Monday, 24 December 2018

Child in a Manger

The angel said to Mary: "He will be great, and will be called the Son of the Most High, and the Lord God will give to him the throne of his ancestor David." When we think of greatness, most highness and thrones, our minds immediately conjure up images of power and wealth. It's how our brains have been trained.
But that's not how God's mind works. When God thinks of greatness, most highness and thrones, he thinks of a tiny baby, sleeping in a manger because other people have been allowed the comfort of the guest room.
The striking humility of Jesus' birth, which we celebrate at Christmas, is not God taking an uncharacteristic break from his usual divine grandeur. It is articulate expression of what the creator of the universe is really like. As that tiny baby grew into a man, his style never changed. Jesus remained humble, and consistently sacrificed his own comfort for the benefit of others - right up to the agonising end.
Take a moment to reflect on that vulnerable child, lying in an animal's feed box, and wonder at the character of God. This is what God is like. And this is what God would like us to be like.
​Happy Christmas

Also by Robert Harrison
the life and loves of a disciple of Jesus

Thursday, 20 December 2018

Something's Coming

The run up to Christmas always carries with it a sense of anticipation. Something is coming. Christmas is coming. It can’t be dodged or avoided, and we need to be ready. When we were children, the anticipation of Christmas was exciting - there were parties and presents to look forward to, and there was nothing required of us but to contain our excitement. In adult life, the coming of Christmas is more complex. While we long for the innocent excitement of our childhood, we are all too aware that things need to be organised, presents need to be bought, cards need to be sent - the responsibility falls on us to be ready.
This sense of anticipation surrounds Christmas in other ways too. The traditional season of Advent focuses on the expectation of Jesus’ return as well as the expectation of his birth. Centuries before Jesus’ intriguing birth, prophets were telling their people that something was coming, God was hatching a plan and was about to do something significant.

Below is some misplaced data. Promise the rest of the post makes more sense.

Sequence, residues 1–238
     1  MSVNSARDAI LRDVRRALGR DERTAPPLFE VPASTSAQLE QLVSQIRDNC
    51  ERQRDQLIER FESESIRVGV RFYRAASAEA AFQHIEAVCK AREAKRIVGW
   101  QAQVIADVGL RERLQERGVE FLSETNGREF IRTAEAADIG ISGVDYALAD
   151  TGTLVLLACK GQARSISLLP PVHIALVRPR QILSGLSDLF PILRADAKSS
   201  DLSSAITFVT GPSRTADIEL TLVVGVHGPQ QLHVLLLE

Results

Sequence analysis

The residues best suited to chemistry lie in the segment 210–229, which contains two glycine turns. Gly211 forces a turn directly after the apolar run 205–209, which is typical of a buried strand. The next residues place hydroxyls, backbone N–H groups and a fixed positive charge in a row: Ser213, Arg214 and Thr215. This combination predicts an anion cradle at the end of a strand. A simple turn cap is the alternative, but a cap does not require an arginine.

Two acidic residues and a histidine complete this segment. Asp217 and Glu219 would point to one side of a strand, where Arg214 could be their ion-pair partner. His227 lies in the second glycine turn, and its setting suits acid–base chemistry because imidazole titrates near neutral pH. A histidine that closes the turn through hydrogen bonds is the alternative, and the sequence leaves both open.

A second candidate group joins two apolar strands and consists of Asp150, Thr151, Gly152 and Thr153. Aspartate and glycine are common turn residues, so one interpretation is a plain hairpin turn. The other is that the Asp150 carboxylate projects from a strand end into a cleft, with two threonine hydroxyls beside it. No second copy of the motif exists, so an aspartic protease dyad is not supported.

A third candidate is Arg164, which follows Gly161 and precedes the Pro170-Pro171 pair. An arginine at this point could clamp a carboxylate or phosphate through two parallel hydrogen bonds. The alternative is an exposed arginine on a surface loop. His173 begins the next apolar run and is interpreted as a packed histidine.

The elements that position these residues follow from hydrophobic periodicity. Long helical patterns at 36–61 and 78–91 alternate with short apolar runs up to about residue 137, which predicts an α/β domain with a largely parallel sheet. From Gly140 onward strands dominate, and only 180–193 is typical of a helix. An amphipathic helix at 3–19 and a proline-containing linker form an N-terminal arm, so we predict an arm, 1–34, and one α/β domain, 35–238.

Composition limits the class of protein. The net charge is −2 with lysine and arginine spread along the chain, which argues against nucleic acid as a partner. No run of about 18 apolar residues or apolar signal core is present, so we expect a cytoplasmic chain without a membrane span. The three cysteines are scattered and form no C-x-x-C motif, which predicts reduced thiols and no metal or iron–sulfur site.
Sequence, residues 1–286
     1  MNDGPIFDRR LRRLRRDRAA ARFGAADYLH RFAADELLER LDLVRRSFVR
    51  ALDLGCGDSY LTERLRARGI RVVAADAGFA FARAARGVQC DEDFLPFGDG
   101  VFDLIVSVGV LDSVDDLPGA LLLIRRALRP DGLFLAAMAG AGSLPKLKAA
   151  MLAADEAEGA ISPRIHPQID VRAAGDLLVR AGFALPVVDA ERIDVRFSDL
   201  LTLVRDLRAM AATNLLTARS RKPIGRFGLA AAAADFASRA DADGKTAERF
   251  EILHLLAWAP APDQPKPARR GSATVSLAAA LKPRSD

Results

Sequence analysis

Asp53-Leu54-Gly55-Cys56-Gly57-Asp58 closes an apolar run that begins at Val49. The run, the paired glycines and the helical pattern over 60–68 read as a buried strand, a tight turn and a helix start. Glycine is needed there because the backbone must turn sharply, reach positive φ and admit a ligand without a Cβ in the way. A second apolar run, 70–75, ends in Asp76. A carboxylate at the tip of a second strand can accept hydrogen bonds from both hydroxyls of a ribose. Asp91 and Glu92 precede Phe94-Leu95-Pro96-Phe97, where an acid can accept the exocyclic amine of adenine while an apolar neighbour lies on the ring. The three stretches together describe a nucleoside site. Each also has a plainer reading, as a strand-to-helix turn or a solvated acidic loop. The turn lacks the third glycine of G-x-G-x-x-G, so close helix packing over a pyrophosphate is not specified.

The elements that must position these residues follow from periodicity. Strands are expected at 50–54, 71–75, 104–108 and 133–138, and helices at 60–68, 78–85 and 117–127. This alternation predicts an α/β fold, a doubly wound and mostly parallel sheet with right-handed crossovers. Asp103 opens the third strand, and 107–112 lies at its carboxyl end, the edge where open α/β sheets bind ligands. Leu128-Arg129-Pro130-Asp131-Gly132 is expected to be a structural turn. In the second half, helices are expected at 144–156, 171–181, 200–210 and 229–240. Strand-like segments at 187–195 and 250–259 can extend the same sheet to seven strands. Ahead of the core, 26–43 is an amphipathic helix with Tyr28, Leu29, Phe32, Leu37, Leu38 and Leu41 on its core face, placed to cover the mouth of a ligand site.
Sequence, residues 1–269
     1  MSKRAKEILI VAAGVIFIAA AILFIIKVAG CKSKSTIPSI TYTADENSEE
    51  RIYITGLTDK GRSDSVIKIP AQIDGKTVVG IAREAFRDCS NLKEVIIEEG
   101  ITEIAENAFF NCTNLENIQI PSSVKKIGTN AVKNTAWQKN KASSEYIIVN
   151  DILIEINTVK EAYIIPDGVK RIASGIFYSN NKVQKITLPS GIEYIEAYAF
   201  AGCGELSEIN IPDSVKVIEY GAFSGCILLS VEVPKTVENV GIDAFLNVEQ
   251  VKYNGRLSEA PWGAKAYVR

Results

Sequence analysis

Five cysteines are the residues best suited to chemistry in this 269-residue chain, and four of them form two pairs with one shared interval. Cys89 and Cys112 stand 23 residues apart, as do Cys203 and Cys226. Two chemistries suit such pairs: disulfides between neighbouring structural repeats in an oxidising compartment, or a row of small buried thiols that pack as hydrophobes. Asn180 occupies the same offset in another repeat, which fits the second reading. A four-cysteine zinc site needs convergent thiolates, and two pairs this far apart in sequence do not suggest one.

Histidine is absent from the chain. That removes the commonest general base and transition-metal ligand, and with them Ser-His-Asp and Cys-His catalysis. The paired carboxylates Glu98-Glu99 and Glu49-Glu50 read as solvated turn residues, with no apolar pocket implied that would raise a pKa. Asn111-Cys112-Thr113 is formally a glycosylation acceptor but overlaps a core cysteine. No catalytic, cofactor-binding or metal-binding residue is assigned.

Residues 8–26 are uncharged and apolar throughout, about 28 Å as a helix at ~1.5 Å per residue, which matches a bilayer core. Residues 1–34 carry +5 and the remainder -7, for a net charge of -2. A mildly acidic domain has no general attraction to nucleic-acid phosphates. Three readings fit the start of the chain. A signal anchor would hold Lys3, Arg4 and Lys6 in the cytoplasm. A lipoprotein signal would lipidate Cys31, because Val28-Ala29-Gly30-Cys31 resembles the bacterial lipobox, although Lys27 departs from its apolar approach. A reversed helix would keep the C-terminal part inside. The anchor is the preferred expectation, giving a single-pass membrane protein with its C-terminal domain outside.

There are numerous Old Testament expressions of this expectation, and in the centuries that followed there were countless theories about what exactly this ’something’ was which God was bringing about. Ancient Jews studied their scriptures and tried to predict God’s coming. With the same enthusiastic confidence many Christians today study the references to Jesus’ return. And try to work out what to expect.
However, when God did come - when he did do his thing - it wasn’t anything like what people were expecting. No-one was expecting a newborn child, lying in the manger of an ordinary home. No-one was expecting a bunch of shepherds and a handful of foreign mystics to be the first on the scene.
The adult Jesus reminds us that God still has more plan up his sleeve. There is another something which is coming - which we need to be ready for. But he advises us not to waste time speculating what that something will be like. God is the master fo the unexpected. We will know it when we see it, but it won’t be anything like anything we have imagined. We just have to be ready.

Just published:
by Robert Harrison
the life and loves of a disciple of Jesus

Thursday, 6 December 2018

99.6% Loving & Forgiving

We are all familiar with the world of advertising. Whether it is in print, sound or vision, businesses seek to attract us with carefully constructed messages that convey the essence of their product in a just a few words. Though the intensity of the advertising around us may be unprecedented, the idea of a short and punchy sales pitch is nothing new. God himself has done it.
Shortly after rescuing the Israelites from Egypt, God needed to introduce himself to a frightened and bewildered people. After the drama of crossing a divided sea, the Israelites needed to know what kind of a god it was who they were following. This was God’s pitch: “The Lord: a God merciful and gracious, slow to anger, and abounding in steadfast love and faithfulness, keeping steadfast love for the thousandth generation, forgiving transgression, yet by no means clearing the guilty, but visiting the iniquity of the parents upon the children and the children’s children, to the third and the fourth generation."
There is a deeply ingrained belief among Christians that the God of the Old Testament is a harsh and judgmental god, whereas the God of the New Testament is gentle and loving. This common prejudice draws our attention to the idea that God would punish children and grandchildren for the failings of their parents. We read it, and dislike what we read. But that is only a fraction of God’s self-description. He may visit the iniquity of the parents on the children to the 4th generation, but he keeps steadfast love for the 1,000th generation. In mathematical terms that means God is 250:1 loving, and plans on being so for at least the next 20,000 years.
This is God’s own understanding of himself and of his dealings with humanity. He’s not a total pushover. He has his limits. But when he handed his proverbial calling card to Moses, it read: “God: 99.6% loving and forgiving."

Just published:
by Robert Harrison
the life and loves of a disciple of Jesus